IlOthing either in bulk or quality: it is equally insusceptible of being
rusted, except by ingenious chemical process. Every thing here men-

tioned presupposes and indicates a noble significance. Men in all ages.

accordingly, pereeiving the natural conformity of gold with all that is
most excellent and precious among the things of intellect and affection,
and their respective phases or states,-have used it as their word-
picture for such things, speaking of golden hope, * golden joy,
golden opinions, golden words,t golden dreams, golden expectations.
Shakspere, in his deep sensibility to correspondence, adverts to the
symbolic nature of gold in many a beautiful line. Thus, describing
the wonderful music of Orphens, he says that his lute was
"Stnlng with poets' sinew&,
Whose golden touch C8Il soften steel and stones;
Make. tigers tame, and huge leviathans
Forsake unsounded deeps to dance on sands.'"
(Two Gentlemen of Verona, iii. 2.)
In another place (Cymheline v. 3.) he speaks of countenances pale with
sorrowI yet 'gilded' by native nobleness that no calamity could over-
power; a metaphor at once so just and striking as of itself to shew how
correct was Aristotle's conception of the nature of true genius, the
surest indication of which he represents to be quickness in discovering
those fine relations between the moral and the natural worlds which
wholly escape the common eye. and which no education can teach the
dull and inapt to discern. (On Poetry, sec. xxxvii., at the end.) That
also is a rich passage where he alludes to
"The elegance, facility, and golden caden,ce of Poesy."
(Love"s Labour Lost, iv. 2.)
.For the office of genuine " poesy" is the dealing with the highest
troths of nature, and their most lovely and enduring aspects, and it is
precisely these things which in gold are emblematically summed up.
Physical circumstances of peculiarly pleasing and excellent quality are
also described as golden, as when Pindar speaks of 'golden health;'
.<irylEl.av xpvuEav, Pyth. iii. 128.) and Shakspere of 'golden sleep.'
{&meo and Juliet. li. 3.) Anacreon has xpVUE'lS t A c}>po8l'I"fJs. (Ode 36.)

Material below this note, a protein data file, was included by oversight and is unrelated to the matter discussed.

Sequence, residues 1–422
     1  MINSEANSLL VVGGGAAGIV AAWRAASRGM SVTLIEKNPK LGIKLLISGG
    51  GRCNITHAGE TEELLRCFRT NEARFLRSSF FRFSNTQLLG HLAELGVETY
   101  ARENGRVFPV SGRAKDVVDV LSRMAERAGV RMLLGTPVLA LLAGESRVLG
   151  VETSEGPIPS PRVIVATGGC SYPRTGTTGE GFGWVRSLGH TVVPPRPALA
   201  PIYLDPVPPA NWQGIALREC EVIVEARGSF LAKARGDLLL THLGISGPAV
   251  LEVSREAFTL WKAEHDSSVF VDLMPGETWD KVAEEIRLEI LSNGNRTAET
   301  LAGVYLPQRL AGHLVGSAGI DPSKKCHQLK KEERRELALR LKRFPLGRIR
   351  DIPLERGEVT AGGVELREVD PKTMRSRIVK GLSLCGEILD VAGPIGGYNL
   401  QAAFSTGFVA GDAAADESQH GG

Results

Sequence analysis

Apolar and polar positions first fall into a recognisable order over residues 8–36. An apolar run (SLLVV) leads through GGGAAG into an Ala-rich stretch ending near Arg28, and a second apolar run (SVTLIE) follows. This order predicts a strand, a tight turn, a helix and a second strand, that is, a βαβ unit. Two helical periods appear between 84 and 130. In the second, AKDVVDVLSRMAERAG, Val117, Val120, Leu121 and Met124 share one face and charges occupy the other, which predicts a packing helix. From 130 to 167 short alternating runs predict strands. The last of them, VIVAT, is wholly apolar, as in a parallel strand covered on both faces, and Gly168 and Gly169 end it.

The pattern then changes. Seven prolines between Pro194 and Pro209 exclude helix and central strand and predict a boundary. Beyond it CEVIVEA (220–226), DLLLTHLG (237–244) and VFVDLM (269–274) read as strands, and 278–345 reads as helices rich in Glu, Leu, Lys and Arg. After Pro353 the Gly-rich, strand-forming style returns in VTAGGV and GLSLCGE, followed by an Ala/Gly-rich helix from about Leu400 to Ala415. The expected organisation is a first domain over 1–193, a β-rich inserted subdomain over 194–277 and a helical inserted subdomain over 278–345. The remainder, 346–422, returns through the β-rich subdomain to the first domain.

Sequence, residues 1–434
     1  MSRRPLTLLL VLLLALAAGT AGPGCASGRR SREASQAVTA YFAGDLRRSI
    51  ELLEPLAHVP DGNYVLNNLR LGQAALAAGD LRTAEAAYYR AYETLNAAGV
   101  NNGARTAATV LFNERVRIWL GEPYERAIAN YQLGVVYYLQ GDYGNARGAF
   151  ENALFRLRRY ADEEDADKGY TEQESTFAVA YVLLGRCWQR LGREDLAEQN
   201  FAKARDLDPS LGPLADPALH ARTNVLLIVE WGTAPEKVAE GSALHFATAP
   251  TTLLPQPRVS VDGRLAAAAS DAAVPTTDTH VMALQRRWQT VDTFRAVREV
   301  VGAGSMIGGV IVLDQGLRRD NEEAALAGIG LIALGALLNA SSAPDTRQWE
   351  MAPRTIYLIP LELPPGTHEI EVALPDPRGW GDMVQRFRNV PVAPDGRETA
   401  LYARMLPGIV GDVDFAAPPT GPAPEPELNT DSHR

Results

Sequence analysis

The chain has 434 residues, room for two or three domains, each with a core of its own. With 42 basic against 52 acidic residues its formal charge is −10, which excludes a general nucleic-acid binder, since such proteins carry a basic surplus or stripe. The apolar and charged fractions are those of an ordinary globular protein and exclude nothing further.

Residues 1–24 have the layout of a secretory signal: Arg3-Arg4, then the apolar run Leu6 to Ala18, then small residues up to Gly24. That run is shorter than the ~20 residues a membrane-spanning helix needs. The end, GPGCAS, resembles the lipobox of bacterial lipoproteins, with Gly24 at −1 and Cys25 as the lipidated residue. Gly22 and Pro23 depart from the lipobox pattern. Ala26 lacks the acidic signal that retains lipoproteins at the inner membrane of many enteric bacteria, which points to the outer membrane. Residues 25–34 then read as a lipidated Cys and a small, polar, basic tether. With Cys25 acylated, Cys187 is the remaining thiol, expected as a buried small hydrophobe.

.Horace calls amiable manners, aurei mores. (Odes, iv. 2, 22.)
What in the sight of God is most excellent and precious, is purity and
goodness of heart, together with the continual and active exercise of the

* l,,.rrE f'O' 3> xpvuias "i#cvov lA'trl8os.

" Tell me, 0 child of golden hope!"
(Sophocles, <Ed. Tyr. 157.)
t Anrea dicta,
Aurea, perpetnl semper diRDi88ime vitae
(Luoretius iii. 1~, ] s.)

emotions and desires which arise therefrom. Hence, in the divine Word,
which is written, just as the world was created, by the law of correspond-
ences between things spiritual and material, such goodness is denoted by
gold. Thus, plainly because of its symbolism of living and useful piety, it
is said in Isaiah,-in the course of a description of the glory of the church
by the introduction to it of innumerable converts,-" The multitude of
camel! shall cover thee; the dromedaries of Midian and Ephah; all
they from Shaha shall come; they shall bring gold and inc61l88, and
shall shew forth the praises of the Lord." (Ix. 6.) When, on the other
hand, the prophet laments the declension of the church, he exclaims,-
Cl How is the fine gold become dim!" (Lament. iv. 1.) The' incense'
mentioned in the former cited verse, denotes, as shewn by parallel
texts, the exercise of a lively and grateful faith; such as always accom-
panies the practical Christianity implied by the gold. Hence these
substances are again mentioned in connection in Matthew ii. 11, where
it is said that the wise men who came from the East to worship the
infant Jesus, U brought gold and frankincense." For this act of theirs
was not simply one of personal homage. Not a single thing mentioned
in Scripture has a temporary or local significance. Every deed and
frrery incident is a lesson in representatives, to all time, of what it
behoves mankind to perform, or of what will be the. consequence of
a given course of conduct. So meaningful does Scripture become \\"hen
viewed by the light of correspondence, that next to the letter of the
Word, the greatest gift of God to man is unquestionably its figurative
or internal sense. To the man who soeks God with his whole heart,
it is promised that gold shall be given; "to him shall be given of the
gold of Sheba." (Psalm lxxii. 7, 15.) Gold of Sheba, however, is not
the only kind which Scripture mentions. There is also gold of Ophir,
gold of Tarshish, gold of Havilah, gold of Uphaz. Nor are these
arbitrary or meaningless distinctions. Goodness, though one in the
collective, is nevertheless of varied form and manifestation, according
to each man's perception, temperament, and point in spiritual progression.
And the various localities that are named, like all other places mentioned
in the Bible, evidently have symbolic meanings in harmony therewith.